Paycheck Protection Program (PPP) Flexibility Act enacted in Washington

June 19, 2020

The Paycheck Protection Program (PPP) Flexibility Act was enacted in Washington last week to address concerns expressed by business owners and give borrowers additional time and flexibility to use the loan proceeds.

The PPP was enacted as part of the March 27 CARES Act to provide quick relief to small business owners experiencing economic hardship due to the response to the coronavirus.  The program promised low interest, possibly forgivable, loans of up to $10 million, for eight weeks of payroll plus 25% more for rent, mortgage, utilities, etc.  However, struggling businesses quickly experienced real world obstacles in meeting the tight loan forgiveness period and the requirement that 75% of the loan be spent on payroll.  Businesses were given until June 30 to restore full-time employment and salary levels for any changes made between February 15 and April 26 and all loan amounts had to be expended within eight weeks of receiving the loan.

The new law will provide greater flexibility to small business owners by:

  • Allowing forgiveness for expenses beyond the original 8-week covered period to 24 weeks (through December 31, 2020) and extending the rehiring deadline;
  • Increasing the current limitation on non-payroll expenses (such as rent, utility payments and mortgage interest) for loan forgiveness from 25 to 40 percent, but falling below the 60% threshold for payroll will eliminate, rather than reduce, loan forgiveness;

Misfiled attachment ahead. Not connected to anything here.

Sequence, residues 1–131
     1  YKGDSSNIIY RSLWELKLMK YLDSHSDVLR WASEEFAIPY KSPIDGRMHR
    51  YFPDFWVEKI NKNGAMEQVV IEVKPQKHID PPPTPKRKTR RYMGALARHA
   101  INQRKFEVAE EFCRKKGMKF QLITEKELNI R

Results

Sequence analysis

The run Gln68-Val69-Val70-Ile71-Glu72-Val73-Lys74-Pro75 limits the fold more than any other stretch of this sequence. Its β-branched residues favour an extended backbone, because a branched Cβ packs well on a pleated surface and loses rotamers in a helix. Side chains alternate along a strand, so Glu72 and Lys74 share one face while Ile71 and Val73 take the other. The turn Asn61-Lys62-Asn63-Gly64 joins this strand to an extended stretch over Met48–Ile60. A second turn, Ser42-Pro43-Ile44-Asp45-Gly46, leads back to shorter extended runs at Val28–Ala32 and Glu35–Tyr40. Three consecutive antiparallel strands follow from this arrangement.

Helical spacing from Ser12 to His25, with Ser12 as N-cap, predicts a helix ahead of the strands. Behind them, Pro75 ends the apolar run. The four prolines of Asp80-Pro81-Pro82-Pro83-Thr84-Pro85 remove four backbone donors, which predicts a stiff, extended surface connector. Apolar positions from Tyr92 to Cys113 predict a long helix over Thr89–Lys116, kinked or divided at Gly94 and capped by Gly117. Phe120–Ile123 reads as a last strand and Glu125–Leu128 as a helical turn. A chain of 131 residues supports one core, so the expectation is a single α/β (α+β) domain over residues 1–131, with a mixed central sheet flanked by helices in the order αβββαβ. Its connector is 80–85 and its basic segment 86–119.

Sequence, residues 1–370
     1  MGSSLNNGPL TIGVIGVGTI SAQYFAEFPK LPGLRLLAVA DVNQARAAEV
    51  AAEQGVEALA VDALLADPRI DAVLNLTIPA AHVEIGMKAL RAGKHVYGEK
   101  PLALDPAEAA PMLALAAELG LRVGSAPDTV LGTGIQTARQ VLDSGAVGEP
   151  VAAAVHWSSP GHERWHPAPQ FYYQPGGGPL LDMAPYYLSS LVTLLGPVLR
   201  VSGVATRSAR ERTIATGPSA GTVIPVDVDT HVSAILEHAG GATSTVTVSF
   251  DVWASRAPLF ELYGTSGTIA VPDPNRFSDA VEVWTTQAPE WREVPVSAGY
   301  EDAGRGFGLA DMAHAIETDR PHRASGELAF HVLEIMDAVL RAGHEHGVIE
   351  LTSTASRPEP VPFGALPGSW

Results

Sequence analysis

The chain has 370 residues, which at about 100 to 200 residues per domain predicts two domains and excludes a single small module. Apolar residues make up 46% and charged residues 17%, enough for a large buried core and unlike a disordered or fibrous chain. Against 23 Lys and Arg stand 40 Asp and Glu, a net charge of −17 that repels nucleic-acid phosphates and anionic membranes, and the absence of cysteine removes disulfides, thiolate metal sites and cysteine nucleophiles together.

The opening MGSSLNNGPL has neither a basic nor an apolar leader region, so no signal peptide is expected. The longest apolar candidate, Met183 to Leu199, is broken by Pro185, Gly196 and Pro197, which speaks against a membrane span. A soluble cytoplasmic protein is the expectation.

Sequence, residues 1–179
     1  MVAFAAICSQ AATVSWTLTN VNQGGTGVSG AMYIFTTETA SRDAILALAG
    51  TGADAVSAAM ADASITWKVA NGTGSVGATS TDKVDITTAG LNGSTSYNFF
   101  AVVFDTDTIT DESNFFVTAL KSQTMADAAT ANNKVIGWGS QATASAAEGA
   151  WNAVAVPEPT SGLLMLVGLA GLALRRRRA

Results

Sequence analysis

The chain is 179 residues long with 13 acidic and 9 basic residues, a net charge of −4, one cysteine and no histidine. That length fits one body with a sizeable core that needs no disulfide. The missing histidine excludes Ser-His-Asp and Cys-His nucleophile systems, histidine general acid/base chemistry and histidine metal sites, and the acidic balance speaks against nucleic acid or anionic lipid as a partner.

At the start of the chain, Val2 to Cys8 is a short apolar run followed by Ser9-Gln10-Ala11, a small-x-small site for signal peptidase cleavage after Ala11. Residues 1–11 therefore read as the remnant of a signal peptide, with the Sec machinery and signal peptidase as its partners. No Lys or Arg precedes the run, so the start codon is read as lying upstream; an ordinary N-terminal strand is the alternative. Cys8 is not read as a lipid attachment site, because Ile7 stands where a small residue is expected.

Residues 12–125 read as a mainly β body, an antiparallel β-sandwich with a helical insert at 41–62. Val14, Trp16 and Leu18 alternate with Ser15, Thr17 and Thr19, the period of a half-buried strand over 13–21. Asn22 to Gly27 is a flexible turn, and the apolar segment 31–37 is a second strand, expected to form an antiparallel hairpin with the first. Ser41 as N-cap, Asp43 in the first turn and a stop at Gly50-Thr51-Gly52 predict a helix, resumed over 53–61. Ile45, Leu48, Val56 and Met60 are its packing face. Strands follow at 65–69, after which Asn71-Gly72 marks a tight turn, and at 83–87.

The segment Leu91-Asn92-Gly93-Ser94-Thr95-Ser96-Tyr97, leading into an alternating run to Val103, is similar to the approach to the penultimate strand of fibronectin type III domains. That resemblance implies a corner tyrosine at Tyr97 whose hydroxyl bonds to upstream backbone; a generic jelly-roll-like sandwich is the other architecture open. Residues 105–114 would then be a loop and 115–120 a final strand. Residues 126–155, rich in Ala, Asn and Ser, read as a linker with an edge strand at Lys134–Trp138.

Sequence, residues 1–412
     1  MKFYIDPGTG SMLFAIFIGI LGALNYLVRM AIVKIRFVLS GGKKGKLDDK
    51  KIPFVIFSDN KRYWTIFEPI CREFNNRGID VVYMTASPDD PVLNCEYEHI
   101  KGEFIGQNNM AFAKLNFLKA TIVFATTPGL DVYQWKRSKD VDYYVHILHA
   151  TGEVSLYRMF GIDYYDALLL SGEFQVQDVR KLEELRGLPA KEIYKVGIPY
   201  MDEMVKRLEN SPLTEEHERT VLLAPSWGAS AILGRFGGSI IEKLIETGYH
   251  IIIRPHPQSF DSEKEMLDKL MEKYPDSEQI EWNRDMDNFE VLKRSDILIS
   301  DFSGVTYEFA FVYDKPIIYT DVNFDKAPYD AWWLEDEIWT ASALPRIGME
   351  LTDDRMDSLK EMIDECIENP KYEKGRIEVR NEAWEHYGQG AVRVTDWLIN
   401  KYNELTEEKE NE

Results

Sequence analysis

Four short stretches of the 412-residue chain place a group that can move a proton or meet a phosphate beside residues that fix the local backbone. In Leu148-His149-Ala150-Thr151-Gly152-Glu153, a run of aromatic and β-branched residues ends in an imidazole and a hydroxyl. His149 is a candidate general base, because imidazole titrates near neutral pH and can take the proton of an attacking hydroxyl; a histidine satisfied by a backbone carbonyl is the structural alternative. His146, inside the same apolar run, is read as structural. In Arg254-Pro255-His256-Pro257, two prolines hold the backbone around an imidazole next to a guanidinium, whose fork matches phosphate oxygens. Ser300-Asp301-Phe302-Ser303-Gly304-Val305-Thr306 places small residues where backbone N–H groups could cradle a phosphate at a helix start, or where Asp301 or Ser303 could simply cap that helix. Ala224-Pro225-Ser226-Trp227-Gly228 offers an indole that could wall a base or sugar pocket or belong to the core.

• Extending the time to rehire workers from June 30, 2020 to December 31, 2020;
  • Providing an exception for businesses that cannot reopen fully due to restrictions, such as customer capacity, by allowing for documentation of the inability to rehire employees or similarly qualified workers or of compliance with government issued health and safety mandates and guidance;
  • Extending repayment deferment from six months until after a forgiveness decision is made or ten months after the eight or twenty-four week period;
  • Extending terms for loans made after June 5, 2020 from two to five years (terms for loans made prior can be renegotiated with lenders);
  • Ensuring full access to payroll tax deferment for businesses that take PPP loans.

For a summary and text of the Paycheck Protection Program Flexibility Act of 2020 CLICK HERE.

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